To the Crowd at the Wake of a Friend and Mentor

Billy Houlihan, a great friend and mentor of mine passed away last year. I left to go on tour with Youngtree & The Blooms two days later and I asked my uncle to read this out at the wake. Today is his birthday. #HeavenAintALonelyRoad


Hello to everyone that has come to share in this moment of Billy’s passing. I write this as my band drives across Newfoundland to the first show of our Atlantic Canadian tour. It’s fair to say I might not be on this path as a performer and musician if not for Billy Houlihan. Many of you probably know that Billy was a powerful musical mentor to me. He took me under his wing when I was in high school and we got together every Thursday to drink tea and play tunes. He coached me through my first public performance. Truly, my whole style of playing has been shaped by Billy.

What is perhaps less obvious to some is that Billy was also a great life mentor to me, and a teacher in the purest sense of the word. A little language lesson, now, which Billy would appreciate. The word “educate” comes from the Latin “educere” which means “to draw out” or “to uncover.” In this way, Billy was a natural educator, an uncover-er. He lived in such a way that he would naturally draw out people’s innate talents and potential, no matter where he was — and he seemed to derive a quiet pleasure from doing so. I witnessed his special way-of-being help the brightest students in our school as well as the slowest; I witnessed it help me many times through the years; I saw it help my father expand musically and mentally later in life. Billy taught me that my ideas were worthy of respect and contemplation simply by paying attention to what I had to say, being gentle, and never turning down a conversation. And while he never once mentioned religion or spirituality to me, he exemplified better than almost anyone I knew what it was to live a virtuous and noble life. Those who truly knew Billy will know exactly what I’m speaking of, though it is difficult to put into words.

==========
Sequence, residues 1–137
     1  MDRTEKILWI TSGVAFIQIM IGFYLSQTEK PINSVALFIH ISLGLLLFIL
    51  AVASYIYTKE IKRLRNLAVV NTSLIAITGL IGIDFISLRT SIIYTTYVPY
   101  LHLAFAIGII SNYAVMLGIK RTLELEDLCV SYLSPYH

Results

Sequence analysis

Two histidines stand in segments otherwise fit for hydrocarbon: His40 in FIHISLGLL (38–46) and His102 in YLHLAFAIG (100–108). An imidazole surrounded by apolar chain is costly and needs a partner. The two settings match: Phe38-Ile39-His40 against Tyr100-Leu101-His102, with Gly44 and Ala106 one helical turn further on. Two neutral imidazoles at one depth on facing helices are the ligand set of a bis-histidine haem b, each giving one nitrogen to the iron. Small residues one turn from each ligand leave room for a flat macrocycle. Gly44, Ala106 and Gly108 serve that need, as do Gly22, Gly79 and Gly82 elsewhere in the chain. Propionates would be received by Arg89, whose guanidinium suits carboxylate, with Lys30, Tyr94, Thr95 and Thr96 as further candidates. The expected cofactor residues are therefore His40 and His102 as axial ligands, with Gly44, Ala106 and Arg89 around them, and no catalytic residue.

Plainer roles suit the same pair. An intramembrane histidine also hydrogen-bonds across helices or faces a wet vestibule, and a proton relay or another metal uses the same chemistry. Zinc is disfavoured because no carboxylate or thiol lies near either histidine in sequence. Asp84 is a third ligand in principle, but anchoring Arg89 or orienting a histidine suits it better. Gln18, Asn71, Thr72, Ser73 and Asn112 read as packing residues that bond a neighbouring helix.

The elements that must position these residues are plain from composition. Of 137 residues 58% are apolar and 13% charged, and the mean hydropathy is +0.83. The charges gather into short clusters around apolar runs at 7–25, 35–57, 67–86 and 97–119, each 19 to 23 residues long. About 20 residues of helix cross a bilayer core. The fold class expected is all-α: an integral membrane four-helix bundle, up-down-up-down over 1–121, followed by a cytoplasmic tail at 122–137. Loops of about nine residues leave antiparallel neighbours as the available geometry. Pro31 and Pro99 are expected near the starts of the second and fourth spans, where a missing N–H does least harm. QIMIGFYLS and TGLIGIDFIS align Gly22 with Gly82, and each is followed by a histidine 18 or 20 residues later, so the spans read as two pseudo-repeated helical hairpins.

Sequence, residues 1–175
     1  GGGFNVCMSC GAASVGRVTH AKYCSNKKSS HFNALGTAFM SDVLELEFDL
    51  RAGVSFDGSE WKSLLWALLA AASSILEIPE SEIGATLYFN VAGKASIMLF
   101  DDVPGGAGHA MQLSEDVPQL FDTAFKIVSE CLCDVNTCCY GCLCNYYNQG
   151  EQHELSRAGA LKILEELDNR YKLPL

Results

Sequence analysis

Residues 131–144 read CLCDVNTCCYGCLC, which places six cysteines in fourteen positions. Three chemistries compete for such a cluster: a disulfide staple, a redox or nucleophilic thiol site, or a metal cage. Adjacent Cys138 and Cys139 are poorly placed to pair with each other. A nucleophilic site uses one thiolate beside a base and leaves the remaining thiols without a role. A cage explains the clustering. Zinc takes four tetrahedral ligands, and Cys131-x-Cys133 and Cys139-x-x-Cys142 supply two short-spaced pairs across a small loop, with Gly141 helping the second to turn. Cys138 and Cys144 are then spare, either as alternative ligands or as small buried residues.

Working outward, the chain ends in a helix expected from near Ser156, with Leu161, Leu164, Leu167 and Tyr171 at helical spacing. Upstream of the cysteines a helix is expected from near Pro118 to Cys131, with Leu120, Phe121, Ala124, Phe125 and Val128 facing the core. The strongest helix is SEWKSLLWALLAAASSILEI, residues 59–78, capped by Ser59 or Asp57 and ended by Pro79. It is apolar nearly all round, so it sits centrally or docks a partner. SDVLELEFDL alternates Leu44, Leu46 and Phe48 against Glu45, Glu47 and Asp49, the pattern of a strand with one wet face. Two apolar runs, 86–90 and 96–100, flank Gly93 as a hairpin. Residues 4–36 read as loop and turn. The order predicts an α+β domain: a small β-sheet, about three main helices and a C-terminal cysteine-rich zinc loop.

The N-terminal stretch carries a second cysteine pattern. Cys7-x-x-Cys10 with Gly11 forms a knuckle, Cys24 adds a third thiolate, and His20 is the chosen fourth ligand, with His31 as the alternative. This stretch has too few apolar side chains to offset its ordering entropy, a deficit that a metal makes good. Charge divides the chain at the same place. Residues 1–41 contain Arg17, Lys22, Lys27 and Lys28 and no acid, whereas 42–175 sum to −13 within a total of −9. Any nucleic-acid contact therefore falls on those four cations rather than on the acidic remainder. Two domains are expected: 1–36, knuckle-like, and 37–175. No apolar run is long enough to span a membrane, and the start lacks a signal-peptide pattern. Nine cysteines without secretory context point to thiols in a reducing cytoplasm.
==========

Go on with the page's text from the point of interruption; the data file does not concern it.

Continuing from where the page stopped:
I’ll stop trying to fit Billy’s essence into words now, because it can’t be done anyway. I regret that I can’t be there to have a good cry with you all. I’ll say, though, that if I grow to become anything resembling the human Billy was, then I’ll feel content that I’ve done something right. At moments like this, I reflect on the fact that life is fleeting. It is important to learn how not to become too stressed out over life’s ever-changing circumstances, and to look upon the world and the people in our lives with great appreciation. Thank you all for listening and for coming to pay respect to a great man.


***


'Heaven Ain't a Lonely Road' is a song that had its beginnings in a dream. Perhaps I'll write more about that at another time. But it really came into being the day Billy was getting a stem cell transplant as a treatment for his cancer, and I chatted to him on the phone in his hospital bed. The song hasn't been recorded yet but I reckon it'll be on the next Youngtree & The Blooms record. The lyrics are below.


I was speaking with my friend

in his hospital bed,

Waiting for a cure to fly in on a plane


And he told me this:

"Half this battle is

having friends that love and help you on the way.


We're not here to do this alone,

We've got people pushing us along;

If Heaven's a path, then all I know

All I know is that


Heaven ain't a lonely road."


He said, "It's times like these

when the real power shows

in all the friendships that you've made


Now all the love I feel,

more than I could've known,

I think that now I could face any type of weather


And I've had time to reflect

on all the friends I've had a choices that I've made

And I do not regret

a thing because I gave them all I had.


Heaven ain't a lonely road."


He said,

"I know you've got something you're waiting to become

And it belongs to you alone

But don't forget about the friends by your side,

You'll never reach that place

if you try to do it on your own


Now, you and me, we always rode together

And you know it's made each of us better,

I want you to remember

the people you can lean on,

You've got potential, man,

So just dream on. Dream on."


"And don't dwell too long or think too much

On all the loneliness you'll feel along the way.

I will give you my touch.


Heaven ain't a lonely road."

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Email: pwyoungtree[at]gmail[dot]com